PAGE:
One must look hard to find a work so adept at doing the vigorous hermeneutics required to truly understand what drove the 18th-century Enlightenment and how that era impacts our thinking today. Rothschild roams across the landscape of thinkers and historical events focusing on Condorcet as an example of the 'cold, universalistic enlightenment of the French Revolution' and on Smith, who appears as the more conservative proponent of the 'reductionist enlightenment of laissez-faire economics.' Along the way the reader is challenged to rethink the positive-normative dichotomy commonly taught in economics, the meaning and role of Smith's 'invisible hand' and the self-serving manner in which 19th-century interpreters framed Smith's ideas...There is exceptional depth to this book...[It] has interdisciplinary appeal, systematically relying on literary, philosophical, political, economic, natural science, and sometimes theological disciplines to build arguments. Highly recommended. (J. Halteman Choice 2001-11-01)

A lucid and historical account of one of the finest achievements of the European Enlightenment, the application of the new science of political economy to the solving of real problems. Emma Rothschild shows that modern free-marketeers who neglect the political and moral aspects of Adam Smith's writings are unfair to the man whose name they have hijacked. (The Economist 2001-12-20)

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Product Details

  • Hardcover: 368 pages
  • Publisher: Harvard University Press; 1st edition, edition (May 16, 2001)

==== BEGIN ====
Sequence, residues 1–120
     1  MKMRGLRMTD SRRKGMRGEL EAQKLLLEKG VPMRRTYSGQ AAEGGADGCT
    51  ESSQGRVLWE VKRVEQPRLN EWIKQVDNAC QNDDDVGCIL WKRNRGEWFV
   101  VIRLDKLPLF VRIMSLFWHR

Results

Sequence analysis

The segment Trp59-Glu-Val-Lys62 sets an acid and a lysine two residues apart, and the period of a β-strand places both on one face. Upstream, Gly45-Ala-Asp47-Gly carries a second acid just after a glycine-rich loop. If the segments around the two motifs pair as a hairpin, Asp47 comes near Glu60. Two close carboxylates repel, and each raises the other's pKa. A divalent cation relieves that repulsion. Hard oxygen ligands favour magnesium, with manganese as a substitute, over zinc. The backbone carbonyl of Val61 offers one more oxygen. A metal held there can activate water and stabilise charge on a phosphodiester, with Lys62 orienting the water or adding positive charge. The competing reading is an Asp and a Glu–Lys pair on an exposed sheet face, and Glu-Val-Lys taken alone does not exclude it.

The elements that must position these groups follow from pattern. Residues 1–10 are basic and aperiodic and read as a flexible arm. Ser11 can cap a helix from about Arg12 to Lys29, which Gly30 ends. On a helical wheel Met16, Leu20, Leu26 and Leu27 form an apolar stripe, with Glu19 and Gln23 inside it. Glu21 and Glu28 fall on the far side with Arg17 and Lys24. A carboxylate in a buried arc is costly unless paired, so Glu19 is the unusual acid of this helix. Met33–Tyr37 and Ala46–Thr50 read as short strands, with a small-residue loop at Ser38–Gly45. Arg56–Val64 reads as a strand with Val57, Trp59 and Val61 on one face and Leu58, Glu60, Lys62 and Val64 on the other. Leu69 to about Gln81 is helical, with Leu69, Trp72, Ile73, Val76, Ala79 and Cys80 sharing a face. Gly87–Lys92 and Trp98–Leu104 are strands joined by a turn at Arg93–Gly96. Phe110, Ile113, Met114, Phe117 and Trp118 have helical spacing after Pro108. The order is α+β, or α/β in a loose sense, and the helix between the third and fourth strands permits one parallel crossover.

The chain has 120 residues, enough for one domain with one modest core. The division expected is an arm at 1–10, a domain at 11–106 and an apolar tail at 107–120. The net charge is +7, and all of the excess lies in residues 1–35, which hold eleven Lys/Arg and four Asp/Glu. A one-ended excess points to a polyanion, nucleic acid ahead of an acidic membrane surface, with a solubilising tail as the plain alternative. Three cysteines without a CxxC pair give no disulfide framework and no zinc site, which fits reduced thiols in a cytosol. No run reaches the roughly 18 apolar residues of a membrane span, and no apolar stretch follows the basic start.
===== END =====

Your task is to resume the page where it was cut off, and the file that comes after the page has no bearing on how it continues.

• Language: English
  • ISBN-10: 0674004892
  • ISBN-13: 978-0674004894
  • Product Dimensions: 9.6 x 6.5 x 1.3 inches
  • Shipping Weight: 1.6 pounds
  • Average Customer Review: 3.9 out of 5 stars  See all reviews (7 customer reviews)
  • Amazon Best Sellers Rank: #2,468,869 in Books (See Top 100 in Books)

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Customer Reviews

Top Customer Reviews

Format: Hardcover
First, a romantic note - Rothschild dedicates this book to her husband Amartya Sen, and Sen dedicated his last book ('Development as Freedom') to her. So these books will lie side by side on my shelf. Both are well worth reading.
There is more than just a familial connection. Sen clearly used his wife's research on Smith and Condorcet in the writing of 'Development as Freedom' since the Adam Smith that appears in his book is not the cold and callous economist of myth. One suspects that Rothschild's perception of Smith and Condorcet had been coloured by Sen as she presents them as more than just economists as we understand the term, but concerned with a far wider range of phenomena in politics and sociology. In fact they were exactly as much an 'economist' as Sen himself is. As any reader of Sen knows, he covers an extremely broad range of factors in his work, not just GDP and income.
Rothschild argues that Smith's example of the 'invisible hand' that regulates free markets would have as easily been meant as a malign as a benign regulator. Traders who influence markets by bribery or trickery are as much an 'invisible hand' as an imagined self-regulating mechanism. In fact, the beneficient invisible hand was very much a product of later economists. Smith was not as negative on government regulation as he was made out to be by later writers, though strongly against price-fixing by government fiat, guilds which prevented fair competition, and over-zealous regulation of trade and commerce by insiders, profiteers and parasites.
Condorcet comes across as a very attractive human being, passionate and commited to his beliefs. Accused of Utopianism, he struggled with his conviction that he had no right to dictate opinion to others. Yet he believed that his liberal philosophy was best.
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Format: Hardcover